Hacking the soil microbiome: enhancing rhizobial inoculants in the lab and in the wild
Dr E Harrison
Dr A Krzywoszynska
No more applications being accepted
Funded PhD Project (Students Worldwide)
In this project we will investigate novel ways of improving the effectiveness of next
generation bio-fertilizers – including using naturally occurring mutualistic viruses (temperate phages) which associate with rhizobia to enhance the competitiveness of inoculant strains. Along side these experimental approaches we will explore the societal attractiveness and usefulness of inoculant technologies and practices. Finally, we will design and conduct experiments with growers to understand how they may be able to observe, intervene in, and improve their soil microbiomes through do-it-yourself approaches.
The project will give equal weight to the lab-based research and the stakeholder-based research. As a result, this project will suit a student who :
- Is interested in applying ecology and evolution in microbial communities to support agricultural innovation. Experience in working under sterile/clean laboratory conditions is desirable.
- Has previous experience in, or is motivated to learn qualitative social science methodologies, including interviews, focus groups, and participatory action research/knowledge co-production.
The Grantham Centre for Sustainable Futures focuses on advancing sustainability research and connecting it with the policy debate around how humans can live in a more sustainable way.
We are recruiting Scholars who will combine outstanding intellect with a strong commitment to public engagement, leadership and action. These ambitious individuals will complete interdisciplinary PhD research projects to help solve the challenges of sustainability. They will be supported by the Centre through a unique training programme, designed to equip them with the skills to become policy advocates and leaders in sustainability matters.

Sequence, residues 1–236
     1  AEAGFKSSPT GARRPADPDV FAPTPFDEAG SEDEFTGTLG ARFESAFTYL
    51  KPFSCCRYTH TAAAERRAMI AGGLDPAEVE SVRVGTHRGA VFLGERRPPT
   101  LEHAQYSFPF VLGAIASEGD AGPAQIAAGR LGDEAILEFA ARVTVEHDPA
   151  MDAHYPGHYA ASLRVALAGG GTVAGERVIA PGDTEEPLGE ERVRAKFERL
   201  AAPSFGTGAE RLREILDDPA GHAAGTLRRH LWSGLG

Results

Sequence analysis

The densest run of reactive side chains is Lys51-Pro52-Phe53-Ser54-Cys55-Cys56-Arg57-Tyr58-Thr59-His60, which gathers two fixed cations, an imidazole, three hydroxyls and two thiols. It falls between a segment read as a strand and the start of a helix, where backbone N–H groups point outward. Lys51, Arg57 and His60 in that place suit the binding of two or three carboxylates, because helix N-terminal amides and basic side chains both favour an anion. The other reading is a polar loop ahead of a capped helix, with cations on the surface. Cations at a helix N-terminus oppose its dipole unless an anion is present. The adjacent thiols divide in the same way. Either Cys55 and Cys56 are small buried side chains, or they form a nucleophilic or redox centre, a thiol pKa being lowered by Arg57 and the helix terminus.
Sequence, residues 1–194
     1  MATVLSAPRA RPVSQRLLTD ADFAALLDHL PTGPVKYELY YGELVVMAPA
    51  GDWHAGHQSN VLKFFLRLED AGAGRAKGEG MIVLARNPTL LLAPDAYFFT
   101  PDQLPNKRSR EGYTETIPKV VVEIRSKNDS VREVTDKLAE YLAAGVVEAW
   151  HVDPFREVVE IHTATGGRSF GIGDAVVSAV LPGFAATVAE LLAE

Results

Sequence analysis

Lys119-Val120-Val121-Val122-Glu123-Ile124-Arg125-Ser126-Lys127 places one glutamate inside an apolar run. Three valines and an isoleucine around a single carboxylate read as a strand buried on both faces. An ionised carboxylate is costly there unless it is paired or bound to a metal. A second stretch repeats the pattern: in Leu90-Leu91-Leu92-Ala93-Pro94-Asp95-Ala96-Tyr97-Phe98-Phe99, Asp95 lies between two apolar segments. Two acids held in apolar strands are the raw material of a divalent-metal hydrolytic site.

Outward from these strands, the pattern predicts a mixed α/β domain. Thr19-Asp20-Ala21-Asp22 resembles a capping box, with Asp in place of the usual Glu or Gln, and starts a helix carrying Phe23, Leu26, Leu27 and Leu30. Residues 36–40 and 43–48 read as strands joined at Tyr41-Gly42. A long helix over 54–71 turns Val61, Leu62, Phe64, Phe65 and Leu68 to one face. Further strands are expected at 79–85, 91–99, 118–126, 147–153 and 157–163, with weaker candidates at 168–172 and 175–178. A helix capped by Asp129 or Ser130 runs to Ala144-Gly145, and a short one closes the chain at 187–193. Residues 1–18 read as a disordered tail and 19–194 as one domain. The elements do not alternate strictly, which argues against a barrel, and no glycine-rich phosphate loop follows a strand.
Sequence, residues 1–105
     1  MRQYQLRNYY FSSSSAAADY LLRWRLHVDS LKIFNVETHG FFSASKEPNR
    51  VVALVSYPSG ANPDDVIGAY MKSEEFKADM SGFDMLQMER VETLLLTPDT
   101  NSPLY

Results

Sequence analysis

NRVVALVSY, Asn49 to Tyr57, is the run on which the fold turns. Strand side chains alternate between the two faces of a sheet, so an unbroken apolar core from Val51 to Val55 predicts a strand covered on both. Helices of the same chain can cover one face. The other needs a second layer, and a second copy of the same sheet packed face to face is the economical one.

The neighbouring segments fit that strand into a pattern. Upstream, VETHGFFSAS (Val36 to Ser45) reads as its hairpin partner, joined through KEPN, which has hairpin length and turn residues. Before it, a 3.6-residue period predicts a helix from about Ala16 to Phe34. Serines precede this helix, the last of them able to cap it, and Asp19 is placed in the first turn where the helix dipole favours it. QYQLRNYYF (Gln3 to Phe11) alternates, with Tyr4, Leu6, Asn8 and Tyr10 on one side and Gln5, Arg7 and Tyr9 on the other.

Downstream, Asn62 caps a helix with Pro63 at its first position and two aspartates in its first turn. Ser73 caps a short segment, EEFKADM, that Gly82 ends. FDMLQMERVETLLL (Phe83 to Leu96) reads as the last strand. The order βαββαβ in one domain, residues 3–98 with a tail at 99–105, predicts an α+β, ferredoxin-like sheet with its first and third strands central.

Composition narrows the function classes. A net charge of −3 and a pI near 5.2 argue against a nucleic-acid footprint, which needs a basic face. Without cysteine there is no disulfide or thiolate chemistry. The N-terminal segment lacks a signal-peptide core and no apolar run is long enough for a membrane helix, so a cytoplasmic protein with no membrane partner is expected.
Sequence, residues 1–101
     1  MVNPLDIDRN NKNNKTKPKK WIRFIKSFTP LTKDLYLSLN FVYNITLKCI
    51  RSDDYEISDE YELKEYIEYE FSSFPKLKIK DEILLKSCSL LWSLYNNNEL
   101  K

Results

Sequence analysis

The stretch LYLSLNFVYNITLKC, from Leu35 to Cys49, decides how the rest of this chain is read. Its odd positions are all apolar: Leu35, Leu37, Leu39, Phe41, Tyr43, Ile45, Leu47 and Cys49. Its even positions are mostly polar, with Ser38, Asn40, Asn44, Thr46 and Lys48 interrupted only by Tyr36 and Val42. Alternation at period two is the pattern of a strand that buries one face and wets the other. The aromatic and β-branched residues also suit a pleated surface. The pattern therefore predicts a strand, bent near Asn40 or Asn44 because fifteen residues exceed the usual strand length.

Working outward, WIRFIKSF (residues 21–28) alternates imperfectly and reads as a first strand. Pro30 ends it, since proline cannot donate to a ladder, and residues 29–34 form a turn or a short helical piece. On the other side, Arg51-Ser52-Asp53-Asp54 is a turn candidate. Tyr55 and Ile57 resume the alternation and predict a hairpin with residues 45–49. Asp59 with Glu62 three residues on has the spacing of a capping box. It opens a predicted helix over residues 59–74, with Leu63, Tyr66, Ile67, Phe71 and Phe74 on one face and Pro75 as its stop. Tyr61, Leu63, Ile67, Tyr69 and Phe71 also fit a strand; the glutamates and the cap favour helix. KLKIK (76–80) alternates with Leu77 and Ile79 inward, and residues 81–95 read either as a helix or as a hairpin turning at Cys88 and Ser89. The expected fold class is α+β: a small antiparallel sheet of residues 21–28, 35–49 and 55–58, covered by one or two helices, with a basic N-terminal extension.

Science Graduate School
As a PhD student in one of the science departments at the University of Sheffield, you’ll be part of the Science Graduate School. You’ll get access to training opportunities designed to support your career development by helping you gain professional skills that are essential in all areas of science. You’ll be able to learn how to recognise good research and research behaviour, improve your communication abilities and experience the breadth of technologies that are used in academia, industry and many related careers. Visit http://www.sheffield.ac.uk/sgs to learn more.
The studentship is funded by The Institute for Sustainable Food and the Grantham Centre for Sustainable Futures at the University of Sheffield. The Institute for Sustainable Food is an interdisciplinary initiative which aims to address the global challenges of food security, improving the sustainability of the world's future food supplies and encouraging more sustainable consumption.
The applicant is expected to have a 2:1 honours degree + Masters (or equivalent) or first class honours (or equivalent) in a relevant subject. This could be Biology, Microbiology, Geography or Social Sciences.
• Harrison & Brockhurst, 2017, Ecological and Evolutionary Benefits of Temperate Phage: What Does or Doesn't Kill You Makes You Stronger. Bioessays 39 (12)
• Krzywoszynska, Anna, et al. "Opening up the participation laboratory: The cocreation of publics and futures in upstream participation." Science, Technology, & Human Values 43.5 (2018): 785-809.
• Funtowicz, Silvio O, and Jerome R Ravetz. 1993. "The emergence of post-normal science." In Science, politics and morality, 85-123. Springer.
• Kaminsky et al 2019, The Inherent Conflicts in Developing Soil Microbial Inoculants, Trends in Biotechnology, 37 (2) 140-151
How good is research at University of Sheffield in Biological Sciences?
FTE Category A staff submitted: 44.90
Research output data provided by the Research Excellence Framework (REF)
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